I enjoy electronic devices and all the capabilities and connectivity that come with them, however whenever I obtain a new network enabled device I usually have the following types of questions in the back of my mind:
What servers does this device communicate with?
How often is it sending or receiving information?
What type of information is being sent?
For general users it’s almost impossible to know the answers to these questions. Most devices connect constantly to servers owned by large internet companies and many of these companies don’t exactly have the best track record for respecting privacy and being trustworthy with user data…
This page describes how to set up a customized router that can detect and record all wireless connections from a device. With this setup it’s possible to answer the first two questions above. The third one is frequently not possible since connections are often encrypted. With that said, addressing the first two questions goes a long way in determining how trustworthy a device is.
The wifi enabled device to be tested.
An openwrt based router.
A separate computer from the device to be tested. This is used to access and analyze network logs using wireshark.
The remainder of these instructions are based on my experience with the following hardware, but these should be easily adapted to other combinations:
My test device - A Kindle Paperwhite with a clean factory reset. Firmware version 5.12.2.
- A Lenovo X230 laptop running Linux.
For others interested in analyzing network traffic for a device you own, it’s helpful to have the following knowledge/background:
Comfortable using unix from the command line.
Familiarity with basic network configuration and terminology.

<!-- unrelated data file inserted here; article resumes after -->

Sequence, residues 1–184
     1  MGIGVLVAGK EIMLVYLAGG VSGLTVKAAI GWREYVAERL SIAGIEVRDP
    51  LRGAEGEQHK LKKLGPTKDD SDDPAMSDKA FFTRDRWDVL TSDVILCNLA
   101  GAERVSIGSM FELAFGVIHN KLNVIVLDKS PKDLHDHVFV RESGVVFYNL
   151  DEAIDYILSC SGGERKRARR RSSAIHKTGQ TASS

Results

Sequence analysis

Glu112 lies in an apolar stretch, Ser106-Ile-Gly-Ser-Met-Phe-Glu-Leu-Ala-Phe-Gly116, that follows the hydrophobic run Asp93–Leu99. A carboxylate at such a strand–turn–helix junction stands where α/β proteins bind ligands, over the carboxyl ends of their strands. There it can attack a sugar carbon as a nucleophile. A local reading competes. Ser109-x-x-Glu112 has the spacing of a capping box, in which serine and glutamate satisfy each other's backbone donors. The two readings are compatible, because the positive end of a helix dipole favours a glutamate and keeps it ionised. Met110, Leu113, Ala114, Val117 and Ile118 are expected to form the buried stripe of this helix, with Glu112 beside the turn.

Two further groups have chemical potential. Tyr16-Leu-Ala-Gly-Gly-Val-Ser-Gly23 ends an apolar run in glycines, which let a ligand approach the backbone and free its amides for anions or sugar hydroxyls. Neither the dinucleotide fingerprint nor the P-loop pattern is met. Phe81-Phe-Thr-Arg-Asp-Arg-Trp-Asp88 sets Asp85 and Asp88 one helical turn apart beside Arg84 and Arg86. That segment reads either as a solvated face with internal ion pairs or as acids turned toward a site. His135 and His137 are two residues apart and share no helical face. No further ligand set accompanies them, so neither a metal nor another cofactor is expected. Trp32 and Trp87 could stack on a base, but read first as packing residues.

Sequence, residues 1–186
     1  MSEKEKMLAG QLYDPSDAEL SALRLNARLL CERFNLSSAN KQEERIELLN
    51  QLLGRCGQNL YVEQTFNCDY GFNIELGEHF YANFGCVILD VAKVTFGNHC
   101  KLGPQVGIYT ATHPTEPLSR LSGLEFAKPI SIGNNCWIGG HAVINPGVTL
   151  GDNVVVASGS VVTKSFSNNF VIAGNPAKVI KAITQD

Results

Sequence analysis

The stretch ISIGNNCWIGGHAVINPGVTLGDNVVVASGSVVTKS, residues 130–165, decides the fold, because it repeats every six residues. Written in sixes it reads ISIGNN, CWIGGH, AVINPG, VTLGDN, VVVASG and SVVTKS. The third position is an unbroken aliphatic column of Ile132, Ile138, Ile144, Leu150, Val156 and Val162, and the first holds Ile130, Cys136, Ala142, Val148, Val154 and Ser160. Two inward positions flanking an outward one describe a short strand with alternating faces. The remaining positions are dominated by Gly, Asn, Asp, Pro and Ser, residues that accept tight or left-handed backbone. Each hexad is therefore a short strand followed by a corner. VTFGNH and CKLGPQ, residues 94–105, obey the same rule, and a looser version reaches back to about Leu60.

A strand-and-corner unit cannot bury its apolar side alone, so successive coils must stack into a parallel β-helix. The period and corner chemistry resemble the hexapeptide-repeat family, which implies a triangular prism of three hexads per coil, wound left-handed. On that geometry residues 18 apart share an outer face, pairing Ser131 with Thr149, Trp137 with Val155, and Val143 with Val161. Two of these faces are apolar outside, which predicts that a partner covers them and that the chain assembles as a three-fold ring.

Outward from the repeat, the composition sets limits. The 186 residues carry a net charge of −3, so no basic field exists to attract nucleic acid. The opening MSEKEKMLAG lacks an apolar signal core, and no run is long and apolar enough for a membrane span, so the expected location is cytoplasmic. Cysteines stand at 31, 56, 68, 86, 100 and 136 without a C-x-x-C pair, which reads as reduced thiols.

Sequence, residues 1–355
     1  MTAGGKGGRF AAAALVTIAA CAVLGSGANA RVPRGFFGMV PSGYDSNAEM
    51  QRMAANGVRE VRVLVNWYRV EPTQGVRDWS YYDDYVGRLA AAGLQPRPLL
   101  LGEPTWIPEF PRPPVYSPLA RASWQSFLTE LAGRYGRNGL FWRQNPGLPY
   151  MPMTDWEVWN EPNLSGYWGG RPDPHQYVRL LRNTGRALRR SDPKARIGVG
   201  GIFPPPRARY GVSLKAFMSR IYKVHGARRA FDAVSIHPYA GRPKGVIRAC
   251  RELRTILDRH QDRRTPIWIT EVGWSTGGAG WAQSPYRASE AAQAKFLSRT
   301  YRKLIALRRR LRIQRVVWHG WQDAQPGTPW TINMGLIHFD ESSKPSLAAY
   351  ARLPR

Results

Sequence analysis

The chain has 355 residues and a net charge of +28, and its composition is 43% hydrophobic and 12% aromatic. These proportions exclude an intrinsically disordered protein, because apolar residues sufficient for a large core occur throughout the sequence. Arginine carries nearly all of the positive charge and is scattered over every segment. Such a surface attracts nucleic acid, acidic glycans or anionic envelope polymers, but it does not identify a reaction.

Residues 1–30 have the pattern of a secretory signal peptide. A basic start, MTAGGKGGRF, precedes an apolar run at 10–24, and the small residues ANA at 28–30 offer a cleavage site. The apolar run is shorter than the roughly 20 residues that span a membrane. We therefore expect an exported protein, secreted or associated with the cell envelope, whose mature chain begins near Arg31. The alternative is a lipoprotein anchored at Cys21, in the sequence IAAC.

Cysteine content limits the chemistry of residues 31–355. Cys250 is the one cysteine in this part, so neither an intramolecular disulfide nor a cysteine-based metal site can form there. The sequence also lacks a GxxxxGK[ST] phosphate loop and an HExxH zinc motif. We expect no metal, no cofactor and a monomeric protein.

At some point maybe someone will create an easy way for general users to do a similar analysis, but for now it’s not trivial to set up. A router appliance with all the software pre-installed, and a web based user interface to view the analysis would be useful for general users, but for now it doesn’t exist (at least that I’ve found).
This assumes you already have Openwrt (or LibreCMC) installed on your router of choice.
Set up a guest wireless access point on your router. I named mine “check” instead of guest, but name it as desired. The following links describe how to do it using the terminal or Luci (web interface). Also I put a password on this access point so I could control who connected.
Make sure you can ssh into your router.
Once you’ve accessed the terminal in your router, install the tcpdump program.
# opkg install tcpdump
Also from the terminal make note of the interface name for your guest network from the terminal. You can recognize it after entering the “ip addr” command as the inet address will match the one you set up earlier. In my case it was the “wlan1-1” interface on the 192.168.11.1 subnet.
# ip addr ... wlan1-1: <BROADCAST,MULTICAST,UP,LOWER_UP> mtu 1500 qdisc noqueue state UP qlen 1000 link/ether ab:cd:ef:ab:cd:ef brd ff:ff:ff:ff:ff:ff inet 192.168.11.1/24 brd 192.168.11.255 scope global wlan1-1 valid_lft forever preferred_lft forever inet6 fe80::c404:15ff:fe9b:570d/64 scope link valid_lft forever preferred_lft forever ...
Record network activity
Connect your test device to the access point you just created. In this case I connected my Kindle Paperwhite to the “check” access point and entered the password for access. Ensure that it is the only device connected to that access point. This will make your life easier when analyzing traffic later.